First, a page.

A Stendhal Boom?

STENDHAL. By Paul Hazard. (Coward-McCann.)

THOUGH no less a personage in the republic of letters than the great Balzac freely praised the novels of Stendhal, it is only within the past decade or two that the larger reading public of the world began to take note of this [?] who died nearly a century ago. It looks now as though there might be a Stendhal boom; not that the reading public has grown up to the man: the great reading while doesn’t grow up — it follows the fashion, and a Stendhal vogue might easily grow out of Paul Hazard’s biography here noted. First, it’s an amusing book, because many of the facts of the subject’s life are of the sort to intrigue a novelty-haunting generation, and Paul Hazard writes with something of the charm of Maurols.

It is said that the biography published last year in Paris, has already gone through twenty-four printings and is still going strong. During the past year the author has been at Harvard as exchange professor from the College de France where he is professor of comparative literature. Recently he made a lecture tour visiting many of our universities and colleges.

Henri Beyle (Stendhal) left the province of Grenoble as a youth bent upon making a name for himself in Paris. He began by working in a grocery store. Later he managed to achieve a clerkship in the Paris Ministry and he held a commission in Napoleon’s army during the Moscow campaign, suffering the horrors of the famous retreat. When the war was over he went to Italy and it was there he hit upon the idea of becoming an author. His method was a bold one, to put it mildly. One day he chanced to pick up a copy of a history of Italian painting by one Lanzi. It was [?] six volumes, and when he had read the last page he suddenly conceived the mad idea of writing to the Paris newspapers, telling them that he had just completed a two-volume “History of Italian Painting,” and requiring that they announce the early publication of the work.

“Thanks to Lanzi,” M. Hazzard points out, “he wrote his first book with facility and pleasure, and eventually produced and published a work entitled ‘A History of Italian Painting,’ by M. Beyle, [?] vista opened into a second, and even before he completed the book on painting he forestalled himself and published another, ‘The Lives of Haydn, Mozart, and Metastasio,’ by Louis Alexandre Dumar Bombet in which he used much the same technique of ap-[ ? riation.” ]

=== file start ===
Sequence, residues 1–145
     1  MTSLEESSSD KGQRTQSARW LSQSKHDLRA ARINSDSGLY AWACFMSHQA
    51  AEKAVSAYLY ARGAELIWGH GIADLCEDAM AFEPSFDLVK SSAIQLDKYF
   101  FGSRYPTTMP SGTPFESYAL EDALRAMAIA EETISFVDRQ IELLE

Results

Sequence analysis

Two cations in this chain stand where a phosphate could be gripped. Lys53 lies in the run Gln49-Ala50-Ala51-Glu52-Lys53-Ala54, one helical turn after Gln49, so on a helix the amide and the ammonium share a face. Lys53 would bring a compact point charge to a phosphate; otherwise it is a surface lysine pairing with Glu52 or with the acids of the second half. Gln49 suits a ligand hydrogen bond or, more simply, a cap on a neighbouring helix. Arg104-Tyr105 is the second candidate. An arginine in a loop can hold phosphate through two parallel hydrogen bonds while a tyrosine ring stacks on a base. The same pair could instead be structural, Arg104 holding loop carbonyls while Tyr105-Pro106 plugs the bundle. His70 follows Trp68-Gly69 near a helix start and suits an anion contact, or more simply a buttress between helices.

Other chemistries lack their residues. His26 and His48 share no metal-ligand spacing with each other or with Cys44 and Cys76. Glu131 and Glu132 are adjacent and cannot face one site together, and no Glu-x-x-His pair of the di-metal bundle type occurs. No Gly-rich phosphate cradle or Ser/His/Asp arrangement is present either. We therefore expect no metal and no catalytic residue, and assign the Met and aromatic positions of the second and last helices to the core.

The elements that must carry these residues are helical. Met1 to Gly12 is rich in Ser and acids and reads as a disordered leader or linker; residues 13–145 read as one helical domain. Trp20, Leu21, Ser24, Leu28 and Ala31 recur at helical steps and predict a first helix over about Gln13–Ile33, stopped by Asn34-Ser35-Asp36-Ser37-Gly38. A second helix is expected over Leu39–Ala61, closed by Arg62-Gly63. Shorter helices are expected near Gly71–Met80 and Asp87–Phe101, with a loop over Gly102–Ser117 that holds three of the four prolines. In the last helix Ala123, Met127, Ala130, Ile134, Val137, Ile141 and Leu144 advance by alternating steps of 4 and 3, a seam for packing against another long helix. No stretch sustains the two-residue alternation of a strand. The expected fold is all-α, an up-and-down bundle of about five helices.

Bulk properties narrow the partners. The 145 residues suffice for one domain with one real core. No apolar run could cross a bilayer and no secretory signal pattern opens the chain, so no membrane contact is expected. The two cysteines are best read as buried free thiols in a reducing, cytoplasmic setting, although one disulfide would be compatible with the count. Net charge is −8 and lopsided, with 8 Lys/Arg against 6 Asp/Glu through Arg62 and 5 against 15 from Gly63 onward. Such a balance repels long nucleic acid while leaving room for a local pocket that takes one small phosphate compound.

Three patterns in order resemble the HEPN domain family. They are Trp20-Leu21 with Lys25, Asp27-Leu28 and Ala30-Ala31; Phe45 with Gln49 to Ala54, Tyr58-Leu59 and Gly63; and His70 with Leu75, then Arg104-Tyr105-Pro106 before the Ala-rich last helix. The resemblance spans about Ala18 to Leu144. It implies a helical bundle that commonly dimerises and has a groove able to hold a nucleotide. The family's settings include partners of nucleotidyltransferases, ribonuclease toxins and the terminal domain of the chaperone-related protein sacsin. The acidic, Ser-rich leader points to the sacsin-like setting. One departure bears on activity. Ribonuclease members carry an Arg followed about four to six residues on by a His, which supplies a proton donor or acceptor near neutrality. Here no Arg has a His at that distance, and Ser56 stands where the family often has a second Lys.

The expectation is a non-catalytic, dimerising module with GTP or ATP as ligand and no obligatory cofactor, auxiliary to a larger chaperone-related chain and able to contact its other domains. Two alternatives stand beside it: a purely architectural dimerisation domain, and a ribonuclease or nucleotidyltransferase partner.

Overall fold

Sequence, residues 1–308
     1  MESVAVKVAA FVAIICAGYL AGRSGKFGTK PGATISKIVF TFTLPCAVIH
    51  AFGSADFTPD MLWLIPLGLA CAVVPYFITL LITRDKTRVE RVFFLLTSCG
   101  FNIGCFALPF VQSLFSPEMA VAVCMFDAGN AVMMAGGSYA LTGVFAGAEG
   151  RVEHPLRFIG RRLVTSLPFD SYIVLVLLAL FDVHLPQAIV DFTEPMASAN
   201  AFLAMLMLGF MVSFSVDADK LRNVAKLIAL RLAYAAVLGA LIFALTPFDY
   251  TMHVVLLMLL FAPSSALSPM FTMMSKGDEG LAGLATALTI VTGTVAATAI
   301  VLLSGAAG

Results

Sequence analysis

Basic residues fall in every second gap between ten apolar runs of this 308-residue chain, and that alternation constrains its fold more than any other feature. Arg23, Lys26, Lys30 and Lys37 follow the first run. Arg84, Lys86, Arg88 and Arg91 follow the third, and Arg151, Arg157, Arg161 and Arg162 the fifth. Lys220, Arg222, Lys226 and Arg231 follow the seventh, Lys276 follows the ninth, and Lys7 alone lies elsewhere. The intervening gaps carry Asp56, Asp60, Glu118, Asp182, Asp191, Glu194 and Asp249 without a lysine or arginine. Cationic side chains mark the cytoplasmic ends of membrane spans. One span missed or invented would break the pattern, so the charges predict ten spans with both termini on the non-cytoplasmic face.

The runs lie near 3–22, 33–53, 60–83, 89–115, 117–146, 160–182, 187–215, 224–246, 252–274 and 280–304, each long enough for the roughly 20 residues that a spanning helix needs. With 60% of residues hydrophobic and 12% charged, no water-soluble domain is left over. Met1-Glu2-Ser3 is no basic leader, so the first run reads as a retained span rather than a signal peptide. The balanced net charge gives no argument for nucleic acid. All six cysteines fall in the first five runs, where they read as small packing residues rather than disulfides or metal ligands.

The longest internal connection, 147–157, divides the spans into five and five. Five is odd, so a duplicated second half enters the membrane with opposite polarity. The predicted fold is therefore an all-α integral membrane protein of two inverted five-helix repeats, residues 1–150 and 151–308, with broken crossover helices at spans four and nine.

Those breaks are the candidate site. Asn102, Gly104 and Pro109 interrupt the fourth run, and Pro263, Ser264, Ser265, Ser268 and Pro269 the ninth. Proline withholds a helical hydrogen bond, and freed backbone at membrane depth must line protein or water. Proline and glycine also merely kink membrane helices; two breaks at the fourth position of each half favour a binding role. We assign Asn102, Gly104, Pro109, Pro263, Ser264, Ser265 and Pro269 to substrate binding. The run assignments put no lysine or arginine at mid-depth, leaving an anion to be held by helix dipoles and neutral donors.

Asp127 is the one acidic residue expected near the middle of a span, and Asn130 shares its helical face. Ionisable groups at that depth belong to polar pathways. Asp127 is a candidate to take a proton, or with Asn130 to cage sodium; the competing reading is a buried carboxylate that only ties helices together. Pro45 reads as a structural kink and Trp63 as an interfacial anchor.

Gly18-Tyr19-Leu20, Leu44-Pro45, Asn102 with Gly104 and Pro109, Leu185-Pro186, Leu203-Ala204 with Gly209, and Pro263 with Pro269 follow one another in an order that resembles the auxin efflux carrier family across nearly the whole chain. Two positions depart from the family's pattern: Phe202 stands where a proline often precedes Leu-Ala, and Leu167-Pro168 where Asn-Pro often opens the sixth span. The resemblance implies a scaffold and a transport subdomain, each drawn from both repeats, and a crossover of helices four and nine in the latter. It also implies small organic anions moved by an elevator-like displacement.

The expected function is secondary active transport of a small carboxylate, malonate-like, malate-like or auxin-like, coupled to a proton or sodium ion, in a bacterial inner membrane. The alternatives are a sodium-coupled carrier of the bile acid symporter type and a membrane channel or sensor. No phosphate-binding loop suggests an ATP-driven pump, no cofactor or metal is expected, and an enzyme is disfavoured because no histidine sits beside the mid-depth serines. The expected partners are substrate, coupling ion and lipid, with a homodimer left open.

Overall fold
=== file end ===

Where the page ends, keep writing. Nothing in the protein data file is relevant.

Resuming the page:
Things went along nicely until [?] of the authors, whose works [?] had plagiarized, objected, and a hot newspaper controversy followed. It was shortly after this that “M. de Stendhal” appeared in print with no question as to the originality of his work for Henri Beyle had learned by this time that stealing from others was on the whole more trouble than it was worth, especially as you never could be sure when an author would turn out to be alive and ready to make trouble. Henceforth he wrote under this nom de plume.

Stendhal’s passion in life, Paul Hazard tells us, “was to upset established ideas and attack dogmatic phrases and affectations.” It is this distinctly “modern” trait that might well bring his work into vogue now. the following is characteristic:

A man next to him once praised the grandeur of the Napoleonic campaigns and heroism in general. Beyle interrupted immediately.

“Heroism?” said Beyle with a laugh. “I can tell you about heroism. I have seen a whole French brigade turn tail and run when it was surprised by five Cossacks, the glit-hatted generals leaping ahead like rabbits and I following them as fast as I could, one boot on and one off. Only one old grenadier offered any resistance that day. They tried to give him a cross afterwards and he hid from them and then swore he had had nothing to do with the affair. — He thought his general wanted to shoot him. There’s glory for you.”

Another man spoke of famous military sayings. “Lies!” said Beyle.

“I can give you an example of famous military sayings,” he said. “The third day out on the Moscow retreat. I found myself separated, with fifteen hundred men, from the rest of the army. An entire Russian division was known to be between us and the rest. Night came down and found us in that predicament, and we spent the hours of darkness in groans and lamentations. The men were at the point of panic when some valiant spirits roused themselves and made us a speech, an eloquent, military speech which went something as follows: You lousy – – – you’ll roast in hell tomorrow if you don’t grab your — gun and get after these — Russian.’

“The valiant soldiers were inspired by such noble words and in the morning we marched courageously toward the Russians, guiding ourselves by the light of their bivouae fires.’ It was a daring thing for us to do, and we were not a little pleased with ourselves. We were still more pleased when we found exactly one mangy dog in the Russian camp. the entire division had left in the middle of the night. . .”